NAIROBI, Kenya – In a rebuff to the United States, Somalia's interim president, Abdullahi Yusuf, on Monday rejected U.S. requests to bring moderate Islamists into his weak transitional government.
Negotiations with Islamists "will not happen," he told Al-Jazeera television before flying to Mogadishu, Somalia's lawless seaside capital. "We will crack down on the terrorists in any place around the nation."
Yusuf had indicated the opposite position in meetings in the Kenyan capital over the weekend with assistant U.S. Secretary of State Jendayi Frazer, U.S. officials said.
There was no immediate reaction from U.S. officials, but Yusuf's remarks underscored the difficulties that Western governments face as they try to shore up Somalia's fragile regime after Ethiopian troops ousted Somalia's Islamist rulers last month.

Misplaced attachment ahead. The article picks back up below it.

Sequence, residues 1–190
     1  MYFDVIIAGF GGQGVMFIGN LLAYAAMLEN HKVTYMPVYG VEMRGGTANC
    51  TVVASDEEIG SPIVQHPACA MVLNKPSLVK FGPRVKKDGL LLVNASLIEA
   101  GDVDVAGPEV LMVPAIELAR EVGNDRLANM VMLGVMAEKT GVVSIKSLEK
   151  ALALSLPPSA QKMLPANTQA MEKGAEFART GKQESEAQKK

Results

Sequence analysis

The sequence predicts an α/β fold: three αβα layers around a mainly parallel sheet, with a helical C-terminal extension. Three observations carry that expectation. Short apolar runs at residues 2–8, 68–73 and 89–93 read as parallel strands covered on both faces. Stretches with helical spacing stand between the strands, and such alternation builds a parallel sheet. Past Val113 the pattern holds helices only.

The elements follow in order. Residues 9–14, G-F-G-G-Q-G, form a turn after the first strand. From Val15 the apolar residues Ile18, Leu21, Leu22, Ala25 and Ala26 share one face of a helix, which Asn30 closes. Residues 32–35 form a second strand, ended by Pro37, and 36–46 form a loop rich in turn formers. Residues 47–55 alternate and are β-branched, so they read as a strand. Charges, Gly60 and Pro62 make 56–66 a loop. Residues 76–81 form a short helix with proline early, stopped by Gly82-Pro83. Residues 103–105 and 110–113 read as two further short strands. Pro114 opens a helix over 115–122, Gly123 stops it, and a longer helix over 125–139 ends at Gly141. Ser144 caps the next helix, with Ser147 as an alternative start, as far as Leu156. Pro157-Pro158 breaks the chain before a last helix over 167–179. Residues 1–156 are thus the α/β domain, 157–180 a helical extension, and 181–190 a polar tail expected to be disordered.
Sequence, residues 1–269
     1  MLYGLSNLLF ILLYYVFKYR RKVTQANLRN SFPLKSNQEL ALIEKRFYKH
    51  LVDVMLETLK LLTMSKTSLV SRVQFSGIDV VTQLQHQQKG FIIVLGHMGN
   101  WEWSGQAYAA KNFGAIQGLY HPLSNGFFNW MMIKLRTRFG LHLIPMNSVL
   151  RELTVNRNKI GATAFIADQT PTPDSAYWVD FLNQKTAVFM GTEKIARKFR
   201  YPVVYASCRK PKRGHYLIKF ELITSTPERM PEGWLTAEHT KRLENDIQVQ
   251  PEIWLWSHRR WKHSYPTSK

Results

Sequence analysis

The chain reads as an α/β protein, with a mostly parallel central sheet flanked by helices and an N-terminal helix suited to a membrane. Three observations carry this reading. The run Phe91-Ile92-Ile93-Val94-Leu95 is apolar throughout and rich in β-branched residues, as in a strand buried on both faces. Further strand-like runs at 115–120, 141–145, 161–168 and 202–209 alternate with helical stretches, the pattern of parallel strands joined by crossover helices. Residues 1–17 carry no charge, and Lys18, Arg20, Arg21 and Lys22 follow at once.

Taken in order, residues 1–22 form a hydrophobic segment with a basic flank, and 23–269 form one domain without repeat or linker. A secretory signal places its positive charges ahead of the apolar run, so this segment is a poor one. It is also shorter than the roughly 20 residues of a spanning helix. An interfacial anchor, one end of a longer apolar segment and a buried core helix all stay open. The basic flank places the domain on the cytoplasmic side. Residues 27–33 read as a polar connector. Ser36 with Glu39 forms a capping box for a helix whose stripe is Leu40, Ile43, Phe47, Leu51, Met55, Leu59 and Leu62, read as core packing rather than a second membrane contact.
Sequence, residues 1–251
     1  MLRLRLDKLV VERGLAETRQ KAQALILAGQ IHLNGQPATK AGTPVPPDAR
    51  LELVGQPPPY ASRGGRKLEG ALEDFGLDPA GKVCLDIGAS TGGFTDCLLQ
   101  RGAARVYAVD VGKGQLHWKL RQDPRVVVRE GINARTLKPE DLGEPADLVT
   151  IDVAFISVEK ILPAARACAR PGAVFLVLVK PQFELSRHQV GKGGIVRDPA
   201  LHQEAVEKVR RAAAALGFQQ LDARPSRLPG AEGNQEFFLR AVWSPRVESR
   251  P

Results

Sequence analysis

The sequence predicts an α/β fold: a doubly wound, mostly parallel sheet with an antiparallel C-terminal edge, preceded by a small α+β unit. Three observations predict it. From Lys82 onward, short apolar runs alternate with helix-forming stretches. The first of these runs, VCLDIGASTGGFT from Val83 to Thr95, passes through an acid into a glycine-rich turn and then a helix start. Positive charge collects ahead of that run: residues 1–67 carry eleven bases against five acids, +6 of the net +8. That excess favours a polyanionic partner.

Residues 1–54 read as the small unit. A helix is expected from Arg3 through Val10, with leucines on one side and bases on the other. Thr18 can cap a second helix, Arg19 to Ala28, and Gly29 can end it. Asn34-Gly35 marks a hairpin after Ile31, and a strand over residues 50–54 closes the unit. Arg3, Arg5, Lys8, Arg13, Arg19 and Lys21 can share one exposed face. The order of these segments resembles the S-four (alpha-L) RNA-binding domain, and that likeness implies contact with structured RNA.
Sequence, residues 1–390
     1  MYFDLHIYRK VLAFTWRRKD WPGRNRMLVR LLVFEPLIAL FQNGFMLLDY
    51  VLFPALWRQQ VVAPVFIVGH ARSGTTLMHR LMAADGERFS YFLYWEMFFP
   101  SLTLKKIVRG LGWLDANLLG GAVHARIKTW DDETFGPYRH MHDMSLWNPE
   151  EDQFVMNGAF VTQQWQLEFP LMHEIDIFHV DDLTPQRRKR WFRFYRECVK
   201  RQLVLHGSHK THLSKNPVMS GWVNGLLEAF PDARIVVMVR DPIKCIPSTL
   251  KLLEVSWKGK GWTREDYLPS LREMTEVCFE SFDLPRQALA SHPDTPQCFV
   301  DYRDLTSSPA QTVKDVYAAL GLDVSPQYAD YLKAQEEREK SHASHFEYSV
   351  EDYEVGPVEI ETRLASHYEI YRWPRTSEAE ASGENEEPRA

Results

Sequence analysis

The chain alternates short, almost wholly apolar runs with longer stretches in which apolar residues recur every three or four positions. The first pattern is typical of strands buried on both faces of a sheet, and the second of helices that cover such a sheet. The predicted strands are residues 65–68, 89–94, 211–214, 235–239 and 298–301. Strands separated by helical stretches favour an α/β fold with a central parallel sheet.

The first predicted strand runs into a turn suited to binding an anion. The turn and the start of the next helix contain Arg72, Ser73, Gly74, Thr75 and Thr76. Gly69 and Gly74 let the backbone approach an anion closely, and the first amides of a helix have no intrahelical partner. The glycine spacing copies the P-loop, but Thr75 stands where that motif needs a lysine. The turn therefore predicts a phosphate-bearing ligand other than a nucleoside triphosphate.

Frazer, the top U.S. diplomat for Africa, had said late Sunday in Nairobi that Yusuf's government, which was formed by an international conference in 2004 and has never controlled Mogadishu, needed to bring moderate Islamists into the regime.
"I support reaching out to the … Islamic Courts," Frazer said. "We see a role in the future of Somalia for all who renounce violence and extremism."
The message signaled a more conciliatory U.S. stance on the Islamic Courts movement, which had seized Mogadishu in June from U.S.-backed warlords. Initially U.S. officials based in Kenya had some contact with moderates within the movement, including Sheik Sherif Ahmed, a geography teacher who emerged as their leader.
But Ahmed soon was edged out by hard-liners, led by suspected al-Qaida operative Hassan Dahir Aweys, who laid claims to territory in neighboring countries and called for jihad against Ethiopia. Frazer made a series of statements starting in November claiming that al-Qaida terrorists had overrun the courts movement.
The Islamists' ouster left a power vacuum in Mogadishu, where the transitional government has little support. The city's powerful Hawiye clan accuses Yusuf, who's of a rival clan, of being a puppet of Ethiopia.
The U.S. has pledged $40 million in new aid to Somalia, including $14 million to support a proposed African peacekeeping mission. Frazer said the money wasn't conditional on the transitional government negotiating with the Islamists.